“Director Comey has been more forthcoming with information than any FBI Director I can recall in my tenure on the congressional intel committees. His dismissal, I believe, is a loss for the Bureau and the nation,” he added.
How Does This Effect The Federal Court?
With his political frenemies out of the way, Trump is free to stack the federal bench with carefully vetted conservative favorites. Trump is sure to try to proclaim these nominations as a win in an effort to deflect attention away from this disastrous week.
The White House counsel, Donald F. McGahn II, said the nominations will show Trump’s “strong commitment to appoint strong and principled jurists to the federal bench who will enforce the Constitution’s limits on federal power, and protect the liberty of all Americans.”
Trump will surely embrace his ability to steer the federal courts to the right, and his list of nominees confirms that.
Campaign Promises Turn Into Federal Judges
The White House has said Trump will pick from the 21 jurists from the list Trump touted during the campaign as proof of his conservative leanings. This list was carefully curated with the help of the far-right conservative Heritage Foundation and the aforementioned Federalist Society.
Trump’s first high court nominee, Supreme Court Justice Neil Gorsuch, replaced conservative Antonin Scalia, who passed away in February 2016. According to The Times, Trump’s first batch of nominees include two state supreme court judges who were — surprise! — also on the Heritage/Federalist Society list.
What’s The Significance?
And The Nominees Are…
Amy Coney Barrett of Indiana will be nominated to serve on the 7th Circuit. Kevin Newsom of Alabama will be nominated as a circuit judge on the 11th Circuit.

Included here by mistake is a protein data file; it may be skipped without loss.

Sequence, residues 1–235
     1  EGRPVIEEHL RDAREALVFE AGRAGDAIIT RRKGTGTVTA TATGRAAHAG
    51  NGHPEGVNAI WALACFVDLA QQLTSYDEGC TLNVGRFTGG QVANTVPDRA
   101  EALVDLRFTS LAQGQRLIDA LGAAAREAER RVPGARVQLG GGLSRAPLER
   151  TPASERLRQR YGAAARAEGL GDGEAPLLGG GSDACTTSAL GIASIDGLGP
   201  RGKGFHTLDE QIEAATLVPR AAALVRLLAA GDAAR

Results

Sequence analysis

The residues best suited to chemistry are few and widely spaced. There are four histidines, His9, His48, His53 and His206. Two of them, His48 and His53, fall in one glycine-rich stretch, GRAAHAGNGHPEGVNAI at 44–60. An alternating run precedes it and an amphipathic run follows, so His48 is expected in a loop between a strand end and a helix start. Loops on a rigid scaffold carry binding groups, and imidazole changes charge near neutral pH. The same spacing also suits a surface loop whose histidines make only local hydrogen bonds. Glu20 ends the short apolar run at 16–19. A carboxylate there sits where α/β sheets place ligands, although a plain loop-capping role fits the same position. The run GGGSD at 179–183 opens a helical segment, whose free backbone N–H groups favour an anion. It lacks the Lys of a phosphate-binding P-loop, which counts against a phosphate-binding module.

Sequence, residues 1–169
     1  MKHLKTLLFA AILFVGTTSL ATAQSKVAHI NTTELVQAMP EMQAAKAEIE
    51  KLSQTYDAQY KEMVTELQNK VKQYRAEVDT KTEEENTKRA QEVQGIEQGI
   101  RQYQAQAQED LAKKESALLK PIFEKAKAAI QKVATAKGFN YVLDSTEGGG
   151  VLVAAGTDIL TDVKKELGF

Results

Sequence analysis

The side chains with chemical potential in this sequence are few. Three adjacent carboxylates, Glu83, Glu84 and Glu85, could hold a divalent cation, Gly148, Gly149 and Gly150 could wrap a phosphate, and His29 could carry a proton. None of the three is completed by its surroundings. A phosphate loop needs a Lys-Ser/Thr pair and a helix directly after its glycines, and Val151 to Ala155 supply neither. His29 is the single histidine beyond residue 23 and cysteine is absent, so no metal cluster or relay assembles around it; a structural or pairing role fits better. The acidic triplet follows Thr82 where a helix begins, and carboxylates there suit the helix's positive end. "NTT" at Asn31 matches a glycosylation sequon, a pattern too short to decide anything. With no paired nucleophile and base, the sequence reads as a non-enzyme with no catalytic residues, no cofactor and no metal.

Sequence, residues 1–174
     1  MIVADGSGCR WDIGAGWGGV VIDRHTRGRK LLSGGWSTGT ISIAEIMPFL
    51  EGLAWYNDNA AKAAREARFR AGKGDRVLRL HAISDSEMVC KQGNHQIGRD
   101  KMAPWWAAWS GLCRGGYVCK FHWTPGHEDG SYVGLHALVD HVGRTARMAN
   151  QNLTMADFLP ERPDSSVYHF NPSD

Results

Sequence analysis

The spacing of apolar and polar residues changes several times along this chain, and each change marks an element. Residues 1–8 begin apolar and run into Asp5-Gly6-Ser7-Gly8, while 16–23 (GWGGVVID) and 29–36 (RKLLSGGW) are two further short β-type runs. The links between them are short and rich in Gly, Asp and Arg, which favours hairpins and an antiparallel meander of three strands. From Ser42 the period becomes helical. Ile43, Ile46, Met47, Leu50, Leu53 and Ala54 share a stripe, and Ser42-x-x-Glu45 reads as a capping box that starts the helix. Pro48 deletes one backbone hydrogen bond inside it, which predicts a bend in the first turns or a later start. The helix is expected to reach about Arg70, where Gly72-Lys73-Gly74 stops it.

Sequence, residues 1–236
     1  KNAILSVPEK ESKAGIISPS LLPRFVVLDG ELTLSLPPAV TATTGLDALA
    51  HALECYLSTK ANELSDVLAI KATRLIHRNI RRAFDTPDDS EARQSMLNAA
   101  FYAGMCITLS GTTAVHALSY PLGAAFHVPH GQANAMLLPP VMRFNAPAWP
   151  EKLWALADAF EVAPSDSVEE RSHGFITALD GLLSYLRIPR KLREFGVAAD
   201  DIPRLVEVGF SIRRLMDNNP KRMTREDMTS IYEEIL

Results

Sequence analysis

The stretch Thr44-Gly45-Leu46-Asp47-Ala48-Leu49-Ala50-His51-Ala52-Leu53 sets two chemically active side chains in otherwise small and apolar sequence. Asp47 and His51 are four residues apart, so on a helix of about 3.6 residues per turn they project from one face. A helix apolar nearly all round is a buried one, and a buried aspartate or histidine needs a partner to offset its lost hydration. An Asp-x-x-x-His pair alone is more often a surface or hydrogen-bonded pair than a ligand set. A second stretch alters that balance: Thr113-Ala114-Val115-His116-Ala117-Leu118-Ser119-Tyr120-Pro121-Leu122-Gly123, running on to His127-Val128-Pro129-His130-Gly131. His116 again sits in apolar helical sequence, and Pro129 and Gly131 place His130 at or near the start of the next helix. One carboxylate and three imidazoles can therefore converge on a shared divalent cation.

Nominated for federal court positions are David Nye of Idaho, Scott L. Palk of Oklahoma and Damien M. Schiff of California.
The president will also nominate two people for federal judgeships: Dabney L. Friedrich of Washington, D.C., and Terry F. Moorer of Alabama.
While appeals courts tend to not make headlines as much as the Supreme Court does, their role in judging many of the orders and laws put forth by the administration is significant. It was the 9th U.S. Circuit Court of Appeals who rejected Trump’s immigration ban, ultimately leading to the ban being placed on hold.
It was the 9th U.S. Circuit Court of Appeals who rejected Trump’s immigration ban, ultimately leading to the ban being placed on hold and Yates being fired from her position as acting Deputy Attorney General of the United States.
Gearing Up For A Fight
But the left isn’t going down without a fight. Senate Democratic leader Chuck Schumer of New York released a statement blasting Trump’s picks:
“With this first slate of lower court nominees, it seems that the President is intent on continuing to outsource the judicial selection process to the hard right, special interest groups rather than consulting with Senators on a bipartisan basis,” Schumer said.
“The president should work with members of both parties to pick judges from within the judicial mainstream, who will interpret the law rather than make it,” he added.
Let’s hope the Democrats were taking notes during all those years of Obama-obstructing because they could really come in handy now that we’re in this Red State Disaster!
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James Kosur is the former Editor-In-Chief and co-founder of Hill Reporter. He recently served as an editor for Business Insider and various other publications. James and his partners sold Hill Reporter to a new owner in July 2019.